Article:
Afterwards, we walked down to the Via Repubblica (constructed over an ancient Roman street) to watch the yearly procession. During the Middle Ages, Amelia was divided into five neighborhoods, each with its own colors, emblem, etc. Now every year during the summer festival, the residents of each neighborhood parade in medieval costume. Then the huge, ancient gates of the Porta Romana are closed for the only time during the year, followed by a ceremony of giving the key to a dignitary who then re-opens them. It’s a very solemn occasion, and the drum beats, intricate and in at least three parts, reflect that. The costumes are authentic, including boots, coiffures, headgear, etc. Each neighborhood’s contingent is preceded by its banner and drummers. Then come “soldiers” and townspeople of all classes — noblemen, merchants, poor folk, religious orders — followed by the highest-ranking man in an elaborate costume and then more “soldiers.” A moving, live re-creation of history. We wouldn’t have missed it for the world.
Saturday’s event was a “medieval field day” with tournaments in crossbow and jousting. Five middle-aged men in simple costumes of earth colors competed in the crossbow, shooting at small targets 100 meters away. It seemed very difficult. The bows are taller than most men and must be wound with a heavy tool. Then the bows are placed on a support system with a seat from which the man fires the bolt. The competitors were exceedingly skilled and hit a lot of bullseyes.
While the crossbow competition was going on in the middle of the field, young men on horseback with lances competed in twos to hit a suspended target. Their horses were particularly beautiful and well-trained. The two competitors, each dressed in the colors of his neighborhood, start on one side of the ring behind gates. Suddenly the gates are thrown open, and the horses explode around the ring in opposite directions as the riders ready their lances. On the far side is the target. The first man to hit it wins. The crowd screams for their favorites, and it’s all very exciting.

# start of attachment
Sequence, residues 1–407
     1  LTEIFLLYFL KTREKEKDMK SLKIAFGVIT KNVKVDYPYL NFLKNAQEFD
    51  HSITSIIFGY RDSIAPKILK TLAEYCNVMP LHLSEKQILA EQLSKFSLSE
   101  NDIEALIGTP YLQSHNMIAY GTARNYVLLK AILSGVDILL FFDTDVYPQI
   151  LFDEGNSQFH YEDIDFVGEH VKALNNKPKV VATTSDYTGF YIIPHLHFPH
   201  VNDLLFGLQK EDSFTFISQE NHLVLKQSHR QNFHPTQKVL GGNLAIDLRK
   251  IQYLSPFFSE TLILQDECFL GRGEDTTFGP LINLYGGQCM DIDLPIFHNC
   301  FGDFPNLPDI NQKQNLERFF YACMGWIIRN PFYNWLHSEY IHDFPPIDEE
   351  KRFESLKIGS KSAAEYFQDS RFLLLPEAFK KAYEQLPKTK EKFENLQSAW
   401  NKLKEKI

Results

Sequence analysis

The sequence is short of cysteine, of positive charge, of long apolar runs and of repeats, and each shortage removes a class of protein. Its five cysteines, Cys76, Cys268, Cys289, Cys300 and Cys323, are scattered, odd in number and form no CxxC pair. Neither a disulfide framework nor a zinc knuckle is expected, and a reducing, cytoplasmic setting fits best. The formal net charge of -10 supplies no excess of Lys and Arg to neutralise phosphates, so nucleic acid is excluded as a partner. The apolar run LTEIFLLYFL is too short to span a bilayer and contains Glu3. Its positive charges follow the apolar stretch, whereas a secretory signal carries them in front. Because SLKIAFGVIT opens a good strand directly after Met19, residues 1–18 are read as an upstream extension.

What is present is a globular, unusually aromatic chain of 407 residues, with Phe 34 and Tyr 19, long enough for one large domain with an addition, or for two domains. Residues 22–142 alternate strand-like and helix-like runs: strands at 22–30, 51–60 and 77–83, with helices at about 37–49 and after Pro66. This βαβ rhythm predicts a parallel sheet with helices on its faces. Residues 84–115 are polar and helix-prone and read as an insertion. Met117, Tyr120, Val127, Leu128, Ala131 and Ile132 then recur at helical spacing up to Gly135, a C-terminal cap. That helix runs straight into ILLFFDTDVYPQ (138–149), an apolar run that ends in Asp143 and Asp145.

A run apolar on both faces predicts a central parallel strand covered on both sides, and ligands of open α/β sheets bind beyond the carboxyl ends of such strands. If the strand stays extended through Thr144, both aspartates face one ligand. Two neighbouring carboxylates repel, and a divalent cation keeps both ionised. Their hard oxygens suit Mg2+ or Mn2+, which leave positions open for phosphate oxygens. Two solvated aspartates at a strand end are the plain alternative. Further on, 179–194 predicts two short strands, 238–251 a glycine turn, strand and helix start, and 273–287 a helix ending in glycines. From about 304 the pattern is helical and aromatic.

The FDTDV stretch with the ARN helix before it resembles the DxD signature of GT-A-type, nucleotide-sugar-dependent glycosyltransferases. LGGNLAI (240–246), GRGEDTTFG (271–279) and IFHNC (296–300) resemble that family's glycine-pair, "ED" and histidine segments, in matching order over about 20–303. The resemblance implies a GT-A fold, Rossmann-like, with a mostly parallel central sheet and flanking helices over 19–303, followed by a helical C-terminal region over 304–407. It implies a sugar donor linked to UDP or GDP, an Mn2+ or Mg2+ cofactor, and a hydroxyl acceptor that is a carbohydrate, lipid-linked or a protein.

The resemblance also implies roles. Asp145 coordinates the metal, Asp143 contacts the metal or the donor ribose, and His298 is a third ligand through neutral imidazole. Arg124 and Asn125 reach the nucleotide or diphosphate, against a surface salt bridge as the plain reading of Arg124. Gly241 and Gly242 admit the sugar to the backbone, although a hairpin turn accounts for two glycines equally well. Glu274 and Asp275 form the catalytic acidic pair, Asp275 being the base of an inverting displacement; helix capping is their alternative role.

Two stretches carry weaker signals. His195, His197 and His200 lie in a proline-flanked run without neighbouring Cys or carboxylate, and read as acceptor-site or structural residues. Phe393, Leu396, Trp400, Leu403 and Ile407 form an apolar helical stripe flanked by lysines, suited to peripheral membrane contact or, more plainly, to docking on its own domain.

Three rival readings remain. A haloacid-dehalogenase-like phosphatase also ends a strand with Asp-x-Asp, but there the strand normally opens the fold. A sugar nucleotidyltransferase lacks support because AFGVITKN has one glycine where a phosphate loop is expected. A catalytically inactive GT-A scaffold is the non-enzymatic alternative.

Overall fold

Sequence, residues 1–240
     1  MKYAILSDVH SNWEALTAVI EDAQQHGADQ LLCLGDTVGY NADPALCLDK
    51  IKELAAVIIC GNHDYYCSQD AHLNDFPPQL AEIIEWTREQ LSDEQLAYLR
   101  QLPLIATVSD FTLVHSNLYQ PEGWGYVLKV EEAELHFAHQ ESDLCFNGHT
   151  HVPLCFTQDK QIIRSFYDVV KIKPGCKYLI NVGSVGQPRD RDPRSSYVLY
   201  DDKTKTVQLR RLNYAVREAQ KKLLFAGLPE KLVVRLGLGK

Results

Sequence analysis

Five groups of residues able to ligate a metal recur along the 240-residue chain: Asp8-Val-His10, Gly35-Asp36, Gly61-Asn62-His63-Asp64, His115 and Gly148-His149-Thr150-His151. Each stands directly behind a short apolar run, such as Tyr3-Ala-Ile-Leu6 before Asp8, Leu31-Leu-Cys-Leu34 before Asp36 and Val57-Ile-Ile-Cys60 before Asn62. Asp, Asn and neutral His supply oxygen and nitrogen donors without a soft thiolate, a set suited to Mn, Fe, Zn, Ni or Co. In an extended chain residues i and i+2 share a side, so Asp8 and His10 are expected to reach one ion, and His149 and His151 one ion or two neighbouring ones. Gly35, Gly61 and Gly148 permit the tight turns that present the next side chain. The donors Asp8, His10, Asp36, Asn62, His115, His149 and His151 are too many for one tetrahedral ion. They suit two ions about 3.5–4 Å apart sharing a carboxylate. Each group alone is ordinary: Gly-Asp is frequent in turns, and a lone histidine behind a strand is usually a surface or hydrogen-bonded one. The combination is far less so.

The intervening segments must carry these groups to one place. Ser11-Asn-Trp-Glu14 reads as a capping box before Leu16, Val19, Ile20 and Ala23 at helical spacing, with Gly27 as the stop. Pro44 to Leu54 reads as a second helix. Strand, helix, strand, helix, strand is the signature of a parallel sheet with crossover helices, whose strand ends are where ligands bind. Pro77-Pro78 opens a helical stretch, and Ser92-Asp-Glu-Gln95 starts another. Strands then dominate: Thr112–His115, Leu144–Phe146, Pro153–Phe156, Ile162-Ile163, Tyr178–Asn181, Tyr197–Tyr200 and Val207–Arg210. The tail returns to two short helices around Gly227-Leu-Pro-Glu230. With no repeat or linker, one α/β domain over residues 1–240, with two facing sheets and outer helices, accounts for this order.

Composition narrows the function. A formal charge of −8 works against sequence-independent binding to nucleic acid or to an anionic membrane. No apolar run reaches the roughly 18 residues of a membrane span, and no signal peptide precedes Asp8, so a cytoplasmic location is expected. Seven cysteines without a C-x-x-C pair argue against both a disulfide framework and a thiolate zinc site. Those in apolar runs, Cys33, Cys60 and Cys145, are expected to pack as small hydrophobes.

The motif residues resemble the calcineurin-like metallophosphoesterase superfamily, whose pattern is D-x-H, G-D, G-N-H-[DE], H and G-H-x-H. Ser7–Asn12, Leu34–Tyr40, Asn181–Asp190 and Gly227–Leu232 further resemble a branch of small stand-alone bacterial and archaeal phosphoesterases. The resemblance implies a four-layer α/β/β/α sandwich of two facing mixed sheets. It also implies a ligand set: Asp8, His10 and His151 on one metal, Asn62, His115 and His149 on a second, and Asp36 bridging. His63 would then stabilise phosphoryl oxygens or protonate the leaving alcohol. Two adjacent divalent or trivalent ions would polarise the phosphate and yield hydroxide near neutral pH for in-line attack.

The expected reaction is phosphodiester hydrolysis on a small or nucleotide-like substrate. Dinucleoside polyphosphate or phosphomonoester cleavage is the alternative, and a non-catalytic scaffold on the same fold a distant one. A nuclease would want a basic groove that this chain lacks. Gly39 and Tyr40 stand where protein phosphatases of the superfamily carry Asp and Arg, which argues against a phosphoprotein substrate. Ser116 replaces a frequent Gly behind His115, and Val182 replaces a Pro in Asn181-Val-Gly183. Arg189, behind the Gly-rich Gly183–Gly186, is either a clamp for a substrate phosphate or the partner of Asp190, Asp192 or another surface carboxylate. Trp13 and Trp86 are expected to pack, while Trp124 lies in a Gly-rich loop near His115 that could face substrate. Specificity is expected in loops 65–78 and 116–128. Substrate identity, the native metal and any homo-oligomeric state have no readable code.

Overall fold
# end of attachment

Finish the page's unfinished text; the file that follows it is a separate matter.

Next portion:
At the end of these competitions, the judges announced not only who had won the jousting and crossbow tournaments, but also which neighborhood’s drummers had won and which neighborhood’s and individual’s costumes had won from the previous night. Bragging rights last all year.
Sunday hosted an exhibition of what I can only call flagmanship, but that term doesn’t do it justice. Young men dressed in heraldic tights and tabards put on an exhibition with colorful banners, throwing them high into the air, often to another team member, catching them, twirling them in intricate patterns. It was extremely athletic and graceful. They did this in groups of eight, six, four and two, as well as a couple of individuals who were exceptionally talented. The youngest were about six years of age, while the oldest (and most skilled) were well into their twenties/early thirties. They performed in the square outside the walls of the old city. We watched from the walls, and some of the flags were thrown up to our level — three or four stories! The flag staffs are weighted, so they always fall to earth with the handle-end downward. As they fall, the banners unfurl into intricate designs. These displays take year-round practice of incredible skill and dexterity.
As we attended the events of this annual festival, including each neighborhood’s taverna with food cooked by the women who live there, I felt us becoming part of Amelia and Amelia becoming part of us
COMING NEXT MONTH
In the midst of life, we are in death